The right hon. Gentleman has caused confusion on the question of the Rhodesian debate. The normal practice, as I understand it, in such matters, is to prepare a White Paper, issue it and have a statement and then a normal discussion between the usual channels to agree on the appropriate time that should elapse before the debate. The way that the right hon. Gentleman has presented his case gives the impression that something rather different from that normal practice is to take place. He gives the impression that he has a keen idea of the subject of the debate before we debate it.

Photo of Dr Horace King Dr Horace King , Southampton, Itchen

Order. We must have questions, not statements.

Photo of Mr Richard Crossman Mr Richard Crossman , Coventry East

I have a keen idea of the subject of the debate and of its importance, but I also get the impression that there are really divided views opposite. I thought that I had made it absolutely clear that, if he were to have a statement, as soon as possible after the statement, with due time to consider the White Paper, we would have a debate. If that is what the Opposition want, that is what they can have next week. We will rearrange business for them and have a debate.

Photo of Mr Edward Heath Mr Edward Heath , Bexley

The right hon. Gentleman says that he is to have the debate next week, whether or not there is time—[Interruption.] The right hon. Gentleman has said clearly that he can rearrange the business for next week and that can only mean that, regardless of whether the House regards that as being a proper time for consideration, he is determined to have the debate next week. That is what has emerged from the exchanges.

I put it to the right hon. Gentleman clearly that we must await publication of the White Paper to see its scale and the documents, and that right hon. and hon. Members should have proper time to consider it and, if necessary, discuss it among themselves before there is a debate.

Photo of Mr Richard Crossman Mr Richard Crossman , Coventry East

The right hon. Gentleman can put that to me, but I put this to him: what the Opposition cannot do is to dictate that what we have to do is to wait as long as they wish for a debate. That is totally unreasonable, and I reject it.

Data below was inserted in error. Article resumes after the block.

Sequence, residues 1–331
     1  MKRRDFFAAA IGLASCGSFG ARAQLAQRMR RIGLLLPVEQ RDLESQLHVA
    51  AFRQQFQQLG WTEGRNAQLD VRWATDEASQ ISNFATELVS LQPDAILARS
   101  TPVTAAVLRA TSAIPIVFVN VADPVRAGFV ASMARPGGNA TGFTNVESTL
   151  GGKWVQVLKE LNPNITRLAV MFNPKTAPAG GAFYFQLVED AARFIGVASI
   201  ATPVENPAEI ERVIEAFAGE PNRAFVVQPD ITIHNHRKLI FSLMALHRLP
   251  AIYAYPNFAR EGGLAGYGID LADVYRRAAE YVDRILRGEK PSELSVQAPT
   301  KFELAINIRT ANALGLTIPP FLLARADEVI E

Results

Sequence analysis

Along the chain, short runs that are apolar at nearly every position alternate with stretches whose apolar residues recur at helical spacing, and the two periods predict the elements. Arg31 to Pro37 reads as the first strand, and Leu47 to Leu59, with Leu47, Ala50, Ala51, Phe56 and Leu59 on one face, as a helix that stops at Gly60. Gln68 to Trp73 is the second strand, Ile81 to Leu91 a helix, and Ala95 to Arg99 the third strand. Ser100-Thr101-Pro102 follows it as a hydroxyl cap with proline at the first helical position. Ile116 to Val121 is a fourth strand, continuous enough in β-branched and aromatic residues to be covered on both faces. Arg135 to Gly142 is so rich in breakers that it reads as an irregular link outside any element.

Photo of Mr Edward Heath Mr Edward Heath , Bexley

No one takes up the position that the Opposition can dictate, but there are well-established traditions about what is a reasonable time for consideration of a Government White Paper in an instance such as this. The whole House has been extraordinarily cooperative with the right hon. Gentleman in not pressing for a debate while these vital talks are going on. If the Government are to publish conclusions in the White Paper, it is only reasonable that the House should have proper time to consider them before the debate.

Photo of Mr Richard Crossman Mr Richard Crossman , Coventry East

Proper time will be given, but what the Opposition cannot do is to dictate the Government's policy or the timing of its actions.

Several Hon. Members:

Several Hon. Members rose

Photo of Dr Horace King Dr Horace King , Southampton, Itchen

Order. The hon. Member for Chigwell (Mr. Biggs-Davison) will not be called for a second business question.

Photo of Mr Frederic Bennett Mr Frederic Bennett , Torquay

To set our minds at rest on the matter, would the right hon. Gentleman state what, in his view, judging by precedents, would be a reasonable time for consideration of a White Paper?

Photo of Mr Richard Crossman Mr Richard Crossman , Coventry East

If that is what I have been asked specifically, on the afternoon of the statement, I shall discuss it.

Photo of Mr Michael Foot Mr Michael Foot , Ebbw Vale

Will my right hon. Friend take into account that both sides of the House have been extremely patient on this subject and that what some of us would regard as quite improper and injurious to the interests of this country is that, following a breakdown—if there is a breakdown—of the talks, and the publication of the White Paper, there should be a long interval in which the country's policy was unknown? This could be most damaging. It appears to many of us that that is what the Opposition desire.